Wednesday, April 11, 2012
Given this short science fiction novel was written in the early 1950s, it has dated very well indeed. Wilson Tucker has written a short, tight and very readable novel that examines what happens when people are suddenly cut off from their own support networks. The United States government forgets the survivors in the east. When they try and cross into the safe areas they're mercilessly gunned down. But the radio tells stories of another enemy spy prevented from entering.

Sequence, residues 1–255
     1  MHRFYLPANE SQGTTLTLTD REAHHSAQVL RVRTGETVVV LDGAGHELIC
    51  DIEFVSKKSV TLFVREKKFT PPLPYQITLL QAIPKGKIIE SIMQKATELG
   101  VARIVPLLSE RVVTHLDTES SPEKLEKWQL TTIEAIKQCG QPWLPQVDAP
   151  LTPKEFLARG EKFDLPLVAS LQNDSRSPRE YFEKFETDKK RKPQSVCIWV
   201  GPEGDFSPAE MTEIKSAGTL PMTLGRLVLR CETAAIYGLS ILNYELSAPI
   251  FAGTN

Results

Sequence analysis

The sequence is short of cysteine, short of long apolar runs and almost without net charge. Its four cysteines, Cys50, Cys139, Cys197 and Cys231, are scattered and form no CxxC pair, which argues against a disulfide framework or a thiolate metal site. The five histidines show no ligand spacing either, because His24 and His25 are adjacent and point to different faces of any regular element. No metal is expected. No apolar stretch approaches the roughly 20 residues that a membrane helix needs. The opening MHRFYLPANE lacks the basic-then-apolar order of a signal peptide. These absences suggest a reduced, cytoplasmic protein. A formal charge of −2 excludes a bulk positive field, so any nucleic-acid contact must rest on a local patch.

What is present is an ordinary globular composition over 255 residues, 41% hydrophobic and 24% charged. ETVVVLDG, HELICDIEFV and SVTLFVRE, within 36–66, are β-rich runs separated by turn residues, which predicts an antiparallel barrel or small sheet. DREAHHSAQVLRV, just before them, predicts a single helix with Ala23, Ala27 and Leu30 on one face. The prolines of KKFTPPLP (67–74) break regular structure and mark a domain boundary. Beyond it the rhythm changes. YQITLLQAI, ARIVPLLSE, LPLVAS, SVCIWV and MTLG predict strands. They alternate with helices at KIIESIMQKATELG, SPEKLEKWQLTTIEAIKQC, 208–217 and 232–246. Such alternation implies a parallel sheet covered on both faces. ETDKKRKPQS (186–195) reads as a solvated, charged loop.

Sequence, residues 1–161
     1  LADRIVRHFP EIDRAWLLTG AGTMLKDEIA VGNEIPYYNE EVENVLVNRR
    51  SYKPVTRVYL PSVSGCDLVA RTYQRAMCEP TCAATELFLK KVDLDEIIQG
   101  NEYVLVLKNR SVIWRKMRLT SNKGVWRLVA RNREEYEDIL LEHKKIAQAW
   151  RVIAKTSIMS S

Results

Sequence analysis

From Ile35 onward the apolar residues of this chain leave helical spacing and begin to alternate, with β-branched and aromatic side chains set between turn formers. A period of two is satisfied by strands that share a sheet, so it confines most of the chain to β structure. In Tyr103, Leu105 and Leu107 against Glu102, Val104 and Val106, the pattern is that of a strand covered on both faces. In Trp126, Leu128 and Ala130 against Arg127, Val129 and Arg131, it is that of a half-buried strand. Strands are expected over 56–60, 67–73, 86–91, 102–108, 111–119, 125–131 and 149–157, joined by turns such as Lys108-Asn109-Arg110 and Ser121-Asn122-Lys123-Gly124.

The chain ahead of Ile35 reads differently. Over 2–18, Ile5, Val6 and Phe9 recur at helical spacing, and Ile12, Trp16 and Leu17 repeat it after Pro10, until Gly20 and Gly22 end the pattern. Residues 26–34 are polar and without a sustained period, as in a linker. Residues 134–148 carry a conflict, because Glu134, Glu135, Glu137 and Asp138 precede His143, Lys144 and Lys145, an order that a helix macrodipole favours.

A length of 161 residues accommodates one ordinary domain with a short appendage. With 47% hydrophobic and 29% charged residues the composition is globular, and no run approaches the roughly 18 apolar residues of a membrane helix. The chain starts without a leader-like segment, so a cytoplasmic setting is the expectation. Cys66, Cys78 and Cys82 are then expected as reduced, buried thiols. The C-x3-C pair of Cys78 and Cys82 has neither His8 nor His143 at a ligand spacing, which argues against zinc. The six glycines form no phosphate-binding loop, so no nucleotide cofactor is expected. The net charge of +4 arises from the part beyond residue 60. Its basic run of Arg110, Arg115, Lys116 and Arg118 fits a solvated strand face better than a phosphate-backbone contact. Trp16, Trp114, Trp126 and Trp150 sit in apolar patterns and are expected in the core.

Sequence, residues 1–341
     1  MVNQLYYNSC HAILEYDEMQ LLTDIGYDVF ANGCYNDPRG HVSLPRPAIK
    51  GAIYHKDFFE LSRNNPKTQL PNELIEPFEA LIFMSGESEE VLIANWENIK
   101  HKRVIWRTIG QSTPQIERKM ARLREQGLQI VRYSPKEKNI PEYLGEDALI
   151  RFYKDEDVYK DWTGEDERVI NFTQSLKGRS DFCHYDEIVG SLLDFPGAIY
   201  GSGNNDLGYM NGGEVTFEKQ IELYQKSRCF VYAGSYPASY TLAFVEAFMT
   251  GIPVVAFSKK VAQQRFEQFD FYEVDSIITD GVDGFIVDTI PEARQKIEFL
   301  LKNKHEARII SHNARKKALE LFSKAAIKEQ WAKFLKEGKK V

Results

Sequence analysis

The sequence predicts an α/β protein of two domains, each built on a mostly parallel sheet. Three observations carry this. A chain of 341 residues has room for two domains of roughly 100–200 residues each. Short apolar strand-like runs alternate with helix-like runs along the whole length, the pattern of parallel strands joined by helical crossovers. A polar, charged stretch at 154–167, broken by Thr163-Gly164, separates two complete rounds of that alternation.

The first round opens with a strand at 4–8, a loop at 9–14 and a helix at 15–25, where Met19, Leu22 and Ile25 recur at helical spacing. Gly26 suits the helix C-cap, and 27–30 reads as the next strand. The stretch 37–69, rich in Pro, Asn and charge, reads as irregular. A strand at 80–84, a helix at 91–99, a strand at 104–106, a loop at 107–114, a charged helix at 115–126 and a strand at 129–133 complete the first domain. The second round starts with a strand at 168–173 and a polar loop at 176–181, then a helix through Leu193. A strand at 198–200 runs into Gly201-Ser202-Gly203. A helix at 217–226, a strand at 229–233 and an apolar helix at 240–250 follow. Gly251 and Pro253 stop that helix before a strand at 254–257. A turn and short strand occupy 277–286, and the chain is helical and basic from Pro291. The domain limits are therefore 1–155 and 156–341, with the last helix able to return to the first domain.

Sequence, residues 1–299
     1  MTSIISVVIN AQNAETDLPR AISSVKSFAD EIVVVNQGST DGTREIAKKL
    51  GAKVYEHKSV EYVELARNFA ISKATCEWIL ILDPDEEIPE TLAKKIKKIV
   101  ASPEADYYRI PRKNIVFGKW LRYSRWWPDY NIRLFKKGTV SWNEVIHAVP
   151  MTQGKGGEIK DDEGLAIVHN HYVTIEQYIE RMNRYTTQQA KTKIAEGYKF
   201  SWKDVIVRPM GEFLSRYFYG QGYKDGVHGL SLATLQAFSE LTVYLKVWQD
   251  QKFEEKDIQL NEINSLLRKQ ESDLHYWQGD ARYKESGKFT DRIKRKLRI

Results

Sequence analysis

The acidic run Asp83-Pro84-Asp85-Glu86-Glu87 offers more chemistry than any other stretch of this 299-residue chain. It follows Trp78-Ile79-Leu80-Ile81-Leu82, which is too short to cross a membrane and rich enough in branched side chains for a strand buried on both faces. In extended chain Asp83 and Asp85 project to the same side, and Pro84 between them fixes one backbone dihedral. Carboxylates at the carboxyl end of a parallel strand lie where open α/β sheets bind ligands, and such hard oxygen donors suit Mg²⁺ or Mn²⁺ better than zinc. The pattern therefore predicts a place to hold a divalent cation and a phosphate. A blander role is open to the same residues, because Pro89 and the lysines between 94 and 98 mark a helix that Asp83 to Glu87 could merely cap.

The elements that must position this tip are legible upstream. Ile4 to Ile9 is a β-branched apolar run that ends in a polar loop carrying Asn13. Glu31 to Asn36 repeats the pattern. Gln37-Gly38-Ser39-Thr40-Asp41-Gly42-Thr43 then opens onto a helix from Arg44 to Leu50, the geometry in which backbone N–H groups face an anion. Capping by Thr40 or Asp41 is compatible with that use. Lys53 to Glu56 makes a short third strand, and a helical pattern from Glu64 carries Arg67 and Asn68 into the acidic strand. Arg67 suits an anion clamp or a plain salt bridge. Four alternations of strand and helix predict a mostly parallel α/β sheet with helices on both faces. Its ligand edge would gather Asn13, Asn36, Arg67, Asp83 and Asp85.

To say much more would ruin the plot. If you want to get the spoilers, the Wikipedia entry has a fairly comprehensive breakdown of what happens. Tucker portrays a dog-eat-dog world. But one with surprising amounts of human solidarity. Given its early publication date (1952), I was surprised to see a polygamous relationship at one point. Tucker may well have been ahead of the curve when compared to some other SF writers of his era.
One final point. The original story had a darker, bleaker ending according to Wikipedia. Interestingly, given that this barely ends on a positive note, I think I'd have preferred his original one. Wilson Tucker was a new author for me, but one I shall return to on the strength of this novel.